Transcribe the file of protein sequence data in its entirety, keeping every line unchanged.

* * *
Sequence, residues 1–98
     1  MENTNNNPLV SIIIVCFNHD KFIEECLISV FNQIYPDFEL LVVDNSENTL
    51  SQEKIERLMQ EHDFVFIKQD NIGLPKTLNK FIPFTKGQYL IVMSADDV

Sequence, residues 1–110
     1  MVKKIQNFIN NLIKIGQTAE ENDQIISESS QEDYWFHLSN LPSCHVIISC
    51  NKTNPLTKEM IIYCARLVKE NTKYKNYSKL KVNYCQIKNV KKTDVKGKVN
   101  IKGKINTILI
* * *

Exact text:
Sequence, residues 1–98
     1  MENTNNNPLV SIIIVCFNHD KFIEECLISV FNQIYPDFEL LVVDNSENTL
    51  SQEKIERLMQ EHDFVFIKQD NIGLPKTLNK FIPFTKGQYL IVMSADDV

Sequence, residues 1–110
     1  MVKKIQNFIN NLIKIGQTAE ENDQIISESS QEDYWFHLSN LPSCHVIISC
    51  NKTNPLTKEM IIYCARLVKE NTKYKNYSKL KVNYCQIKNV KKTDVKGKVN
   101  IKGKINTILI